SCB is an architecture, interior design, and planning firm that practices nationally from offices in Chicago, San Francisco, Boston, and Seattle. Since 1931, SCB has made a lasting impact on the nation’s skyline, campuses, and neighborhoods, helping our clients across the country achieve their goals, serve their constituencies, and make their mark.
Our approach is to ask questions, listen, and apply our industry-leading standards and progressive creative vision to determine the best design response for each project. For us, context is key, inventiveness is crucial, and user comfort is king.
Our diverse practice includes multi-family residential, urban planning, commercial, hospitality, retail, corporate office, higher education, laboratory, and transportation projects. Our team is nimble, creative, and efficient. Our designs are responsive, responsible, and distinctive. We’ve won awards, but we’re not willing to rest on our laurels. We’re future-oriented, continually challenging ourselves to design to a higher standard, innovate at every level, and give our clients more through our commitment to elevated design.
Every project begins with a conversation. We work closely with our clients to understand their goals and interpret their vision.
Our designs combine artistic expression with technical rigor, integrating sustainability and vision to create solutions that uniquely suit our clients’ needs.
A project isn’t successful until it’s delivered successfully. Our team has developed a strong reputation for seamless project management that ensures projects are delivered on time and on budget.
Real design solutions inspire. SCB’s work is tangible, and our projects strive to make positive contributions to people’s lives and the urban fabric.
Since its inception in 1931, SCB has embraced a future-oriented design ethos that places inventiveness and innovation at the firm’s core.
As the economy improved after the Great Depression, Lou and Irving Solomon saw an opportunity for growth by expanding the firm’s work into the residential market. Lou began acquiring properties along Chicago’s Lake Shore Drive and designing high-rise rental apartment communities. Meanwhile, Irving was the contractor and their sister Sylvia managed the projects. Through his foresight, Lou created a unique end-to-end business model for successful buildings that still stand today. Although now solely a design firm, the legacy of a design-build-operate approach laid the foundation for a design culture that understands and addresses all aspects a building’s needs for marketability, constructability, and operations.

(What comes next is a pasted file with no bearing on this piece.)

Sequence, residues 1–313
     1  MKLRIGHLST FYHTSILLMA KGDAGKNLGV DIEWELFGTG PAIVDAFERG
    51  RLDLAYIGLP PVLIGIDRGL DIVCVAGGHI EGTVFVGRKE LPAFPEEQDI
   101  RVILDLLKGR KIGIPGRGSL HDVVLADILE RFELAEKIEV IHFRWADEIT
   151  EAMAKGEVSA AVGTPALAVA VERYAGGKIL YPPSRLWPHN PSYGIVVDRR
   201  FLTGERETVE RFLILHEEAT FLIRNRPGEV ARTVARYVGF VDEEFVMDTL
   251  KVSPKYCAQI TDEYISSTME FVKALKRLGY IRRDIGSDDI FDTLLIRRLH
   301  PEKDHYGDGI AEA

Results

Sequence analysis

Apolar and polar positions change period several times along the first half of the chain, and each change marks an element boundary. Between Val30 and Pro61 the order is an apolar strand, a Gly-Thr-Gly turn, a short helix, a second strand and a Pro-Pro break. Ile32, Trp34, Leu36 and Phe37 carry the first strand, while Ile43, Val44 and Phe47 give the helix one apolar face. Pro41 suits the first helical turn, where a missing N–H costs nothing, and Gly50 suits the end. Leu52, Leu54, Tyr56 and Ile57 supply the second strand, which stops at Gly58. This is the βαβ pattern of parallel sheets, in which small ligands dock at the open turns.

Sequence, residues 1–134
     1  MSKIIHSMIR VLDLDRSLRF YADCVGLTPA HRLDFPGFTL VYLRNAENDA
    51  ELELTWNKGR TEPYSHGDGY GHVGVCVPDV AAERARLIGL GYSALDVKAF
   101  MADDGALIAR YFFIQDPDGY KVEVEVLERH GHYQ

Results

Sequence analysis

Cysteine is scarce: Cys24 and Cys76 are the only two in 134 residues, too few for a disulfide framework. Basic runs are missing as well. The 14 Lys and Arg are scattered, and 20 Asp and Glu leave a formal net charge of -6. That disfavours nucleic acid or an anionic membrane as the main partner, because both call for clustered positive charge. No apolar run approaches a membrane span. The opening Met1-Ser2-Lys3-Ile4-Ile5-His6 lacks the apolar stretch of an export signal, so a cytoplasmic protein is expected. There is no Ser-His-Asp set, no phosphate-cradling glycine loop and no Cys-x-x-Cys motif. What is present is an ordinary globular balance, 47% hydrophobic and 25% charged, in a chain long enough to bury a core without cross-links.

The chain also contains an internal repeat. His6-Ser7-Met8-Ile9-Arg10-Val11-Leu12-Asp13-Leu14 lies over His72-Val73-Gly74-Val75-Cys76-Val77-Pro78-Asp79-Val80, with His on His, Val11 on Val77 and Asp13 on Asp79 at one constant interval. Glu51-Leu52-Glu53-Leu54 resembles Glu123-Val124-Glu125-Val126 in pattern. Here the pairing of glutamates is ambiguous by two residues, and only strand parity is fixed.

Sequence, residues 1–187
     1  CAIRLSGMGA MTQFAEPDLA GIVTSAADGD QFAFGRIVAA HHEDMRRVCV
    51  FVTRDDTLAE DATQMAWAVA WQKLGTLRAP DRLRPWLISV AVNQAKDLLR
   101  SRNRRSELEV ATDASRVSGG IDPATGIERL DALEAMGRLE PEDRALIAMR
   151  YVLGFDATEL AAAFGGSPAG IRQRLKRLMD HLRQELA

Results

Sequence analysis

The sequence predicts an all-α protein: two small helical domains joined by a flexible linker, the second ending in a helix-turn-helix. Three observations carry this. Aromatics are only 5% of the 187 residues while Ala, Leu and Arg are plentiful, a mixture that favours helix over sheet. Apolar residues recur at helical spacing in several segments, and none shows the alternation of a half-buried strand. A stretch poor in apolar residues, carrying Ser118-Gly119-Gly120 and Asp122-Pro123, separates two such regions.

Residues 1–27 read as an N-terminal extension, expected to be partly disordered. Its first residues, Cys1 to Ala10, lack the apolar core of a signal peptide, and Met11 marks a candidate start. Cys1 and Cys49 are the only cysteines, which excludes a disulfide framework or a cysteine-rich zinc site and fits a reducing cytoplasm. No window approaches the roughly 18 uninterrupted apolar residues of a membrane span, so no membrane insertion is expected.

Lou Solomon and John Cordwell meet
Won citywide competition to design Carl Sandburg Village
In 1956, Lou Solomon hired John Cordwell. An Englishman who fought as a bombardier in World War II, and whose experience in a Nazi POW camp was part of the inspiration for the movie The Great Escape, Cordwell had recently resigned as Chicago’s Director of Planning. During his tenure, he had been instrumental in convincing Mayor Kennelly to plan for mass transit trains down the center of the city’s new Eisenhower and Kennedy expressways.
In 1957, Solomon and Cordwell won a citywide competition to design Carl Sandburg Village. The final project comprised over 2500 units of market rate rentals with a mix of high-, mid-, and low-rise residential building types. With amenities like townhomes surrounding under- and above-ground structured parking and landscaped plazas, the project became a national model for urban redevelopment. A year later, when Solomon was on a business trip, Cordwell had new business cards made: L.R. Solomon and J.D. Cordwell & Associates Architects. The bold tactic solidified their partnership.
In 1963, John Cordwell hired the firm’s third partner, John Buenz. An apprentice under Eero Saarinen and Harry Weese, Buenz started as a design architect and was surprised when his name was added to the letterhead just five years later. Together, the three men set the foundation for what would become a powerful high-rise residential practice, one that still thrives today.
In the 70s, Solomon Cordwell Buenz expanded once more to begin working in the hospitality, office, and retail markets. The firm created inventive spaces that shifted market paradigms, as with the Crate & Barrel Flagship store on Chicago’s Magnificent Mile, whose design by Buenz redefined the character of this renowned retail thoroughfare.
Lakeshore Drive Apartments
Crate & Barrel Flagship store on Chicago’s Magnificent Mile
SCB continues to build on this legacy, boasting a staff of over 240 design professionals with more than 650 completed projects across a wide range of building types. In 2007, the firm opened an office in San Francisco, and since then has made extensive contributions to the city’s skyline and neighborhoods. The firm’s first project in San Francisco, One Rincon Hill, follows in the SCB tradition of using creative design tactics to deliver unique solutions. Designed as a catalyst for urban renewal, the slender tower’s 60-story height was made possible by integrating unique architectural and structural solutions for building in an active seismic zone.
Today we honor the spirit of our founders in projects all over the country that push the boundaries of design to deliver innovative, effective solutions ranging from architecture to planning to interior design. At 83, John Buenz still stops in to visit from time to time. When he does, he urges us to think outside the box and keep looking to the future by reminding us of the advice John Cordwell once gave him: “You’ve got to think laterally!”
US Department of Energy Sun Wall
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